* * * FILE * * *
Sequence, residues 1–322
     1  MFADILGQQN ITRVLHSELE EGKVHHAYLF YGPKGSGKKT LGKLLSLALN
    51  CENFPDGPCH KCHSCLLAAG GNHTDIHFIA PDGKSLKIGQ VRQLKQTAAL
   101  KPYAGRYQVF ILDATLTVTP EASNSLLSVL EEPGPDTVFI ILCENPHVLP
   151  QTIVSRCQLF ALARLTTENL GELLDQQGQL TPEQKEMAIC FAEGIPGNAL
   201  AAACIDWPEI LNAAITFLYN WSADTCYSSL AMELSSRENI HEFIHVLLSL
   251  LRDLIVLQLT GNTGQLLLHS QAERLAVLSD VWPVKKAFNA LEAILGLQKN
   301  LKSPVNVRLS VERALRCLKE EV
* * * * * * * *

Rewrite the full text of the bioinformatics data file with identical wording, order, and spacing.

Sequence, residues 1–322
     1  MFADILGQQN ITRVLHSELE EGKVHHAYLF YGPKGSGKKT LGKLLSLALN
    51  CENFPDGPCH KCHSCLLAAG GNHTDIHFIA PDGKSLKIGQ VRQLKQTAAL
   101  KPYAGRYQVF ILDATLTVTP EASNSLLSVL EEPGPDTVFI ILCENPHVLP
   151  QTIVSRCQLF ALARLTTENL GELLDQQGQL TPEQKEMAIC FAEGIPGNAL
   201  AAACIDWPEI LNAAITFLYN WSADTCYSSL AMELSSRENI HEFIHVLLSL
   251  LRDLIVLQLT GNTGQLLLHS QAERLAVLSD VWPVKKAFNA LEAILGLQKN
   301  LKSPVNVRLS VERALRCLKE EV